Opposing Irreversibilities and Tipping Point Uncertainty

Date: January 28, 2016
Time: 3:30 to 5 p.m.
Location: Room 75, Morrill Hall of Agriculture

Opposing Irreversibilities and Tipping Point Uncertainty


Charles Sims

Faculty Fellow, Baker Center for Public Policy

Assistant Professor

Department of Economics

The University of Tennessee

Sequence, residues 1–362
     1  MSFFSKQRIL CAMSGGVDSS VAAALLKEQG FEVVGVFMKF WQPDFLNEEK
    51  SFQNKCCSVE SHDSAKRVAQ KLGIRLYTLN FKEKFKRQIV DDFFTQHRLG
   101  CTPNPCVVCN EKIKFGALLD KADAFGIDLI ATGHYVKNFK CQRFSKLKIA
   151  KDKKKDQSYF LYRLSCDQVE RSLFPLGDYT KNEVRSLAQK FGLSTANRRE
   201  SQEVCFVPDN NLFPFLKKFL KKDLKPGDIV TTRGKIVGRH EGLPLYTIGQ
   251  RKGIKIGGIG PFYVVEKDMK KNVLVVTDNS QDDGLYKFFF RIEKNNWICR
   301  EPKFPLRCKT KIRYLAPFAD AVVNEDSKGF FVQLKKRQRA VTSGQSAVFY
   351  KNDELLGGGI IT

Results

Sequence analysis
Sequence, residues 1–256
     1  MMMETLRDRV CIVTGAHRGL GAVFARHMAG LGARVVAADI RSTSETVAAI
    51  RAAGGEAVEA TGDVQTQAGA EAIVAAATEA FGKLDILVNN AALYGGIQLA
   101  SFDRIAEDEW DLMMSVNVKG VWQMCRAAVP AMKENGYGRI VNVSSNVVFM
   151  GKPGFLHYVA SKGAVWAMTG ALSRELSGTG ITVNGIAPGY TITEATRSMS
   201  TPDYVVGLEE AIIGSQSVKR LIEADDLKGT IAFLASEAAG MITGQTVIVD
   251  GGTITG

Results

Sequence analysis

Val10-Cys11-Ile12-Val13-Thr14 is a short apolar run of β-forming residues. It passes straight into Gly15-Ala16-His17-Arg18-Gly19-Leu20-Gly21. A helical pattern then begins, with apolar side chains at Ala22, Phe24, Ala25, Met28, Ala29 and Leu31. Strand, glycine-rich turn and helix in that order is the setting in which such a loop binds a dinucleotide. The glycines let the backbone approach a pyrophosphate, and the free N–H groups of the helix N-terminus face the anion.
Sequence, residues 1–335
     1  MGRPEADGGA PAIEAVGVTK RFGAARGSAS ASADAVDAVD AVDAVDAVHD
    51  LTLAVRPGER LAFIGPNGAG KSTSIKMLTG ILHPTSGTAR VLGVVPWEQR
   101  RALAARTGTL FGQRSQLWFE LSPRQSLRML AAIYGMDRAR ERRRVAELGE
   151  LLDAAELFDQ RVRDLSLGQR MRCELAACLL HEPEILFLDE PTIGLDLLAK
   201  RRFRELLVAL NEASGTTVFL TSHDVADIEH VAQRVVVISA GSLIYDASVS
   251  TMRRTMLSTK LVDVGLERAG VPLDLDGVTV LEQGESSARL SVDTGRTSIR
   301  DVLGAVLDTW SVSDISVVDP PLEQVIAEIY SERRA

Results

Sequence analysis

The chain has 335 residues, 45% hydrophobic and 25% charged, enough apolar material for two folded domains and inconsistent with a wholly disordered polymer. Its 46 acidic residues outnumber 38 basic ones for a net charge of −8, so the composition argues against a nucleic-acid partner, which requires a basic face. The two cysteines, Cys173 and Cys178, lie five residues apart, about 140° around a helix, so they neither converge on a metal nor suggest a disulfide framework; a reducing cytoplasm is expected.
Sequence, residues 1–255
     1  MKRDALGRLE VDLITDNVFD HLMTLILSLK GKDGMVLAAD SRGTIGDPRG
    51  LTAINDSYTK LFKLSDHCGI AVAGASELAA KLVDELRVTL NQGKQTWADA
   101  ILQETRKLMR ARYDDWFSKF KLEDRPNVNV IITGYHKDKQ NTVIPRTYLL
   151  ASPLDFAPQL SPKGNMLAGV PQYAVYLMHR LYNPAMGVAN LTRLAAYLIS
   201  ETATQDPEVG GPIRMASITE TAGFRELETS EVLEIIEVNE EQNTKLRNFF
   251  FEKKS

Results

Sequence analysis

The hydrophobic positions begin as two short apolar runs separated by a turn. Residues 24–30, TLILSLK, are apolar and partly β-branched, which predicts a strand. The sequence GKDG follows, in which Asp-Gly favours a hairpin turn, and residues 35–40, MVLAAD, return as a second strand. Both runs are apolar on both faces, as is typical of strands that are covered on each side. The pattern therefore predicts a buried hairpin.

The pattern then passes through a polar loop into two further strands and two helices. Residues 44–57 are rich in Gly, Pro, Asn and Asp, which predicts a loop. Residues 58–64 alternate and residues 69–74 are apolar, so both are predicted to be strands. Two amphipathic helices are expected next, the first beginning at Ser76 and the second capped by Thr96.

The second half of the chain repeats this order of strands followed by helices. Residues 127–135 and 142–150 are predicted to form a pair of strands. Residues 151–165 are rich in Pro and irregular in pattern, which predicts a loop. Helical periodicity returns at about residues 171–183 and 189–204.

Irreversible environmental damage can lead to a more “conservationist” policy than would otherwise be optimal while sunk costs and political inflexibility create an economic irreversibility that leads to policies that are less “conservationist” than they otherwise would be.  The economic irreversibility effect is often larger than the irreversibility associated with environmental damage.  We revisit this result in a novel context with multiple uncertainties and an avoidable tipping point which triggers irreversible damage.  An optimal stopping model over dynamic environmental lotteries is developed to characterize the optimal timing and stringency of an environmental policy subject to two kinds of irreversibility (economic and an environmental tipping point), two tipping point mechanisms (critical damage thresholds and random events), and two kinds of uncertainty (uncertain system dynamics and uncertainty in when the tipping point will be crossed).  Using an example of Asian carp invasion into Lake Michigan, results illustrate how differing definitions of precautionary behavior and beliefs about the degree of environmental irreversibility may help explain persistent debates in environmental policy.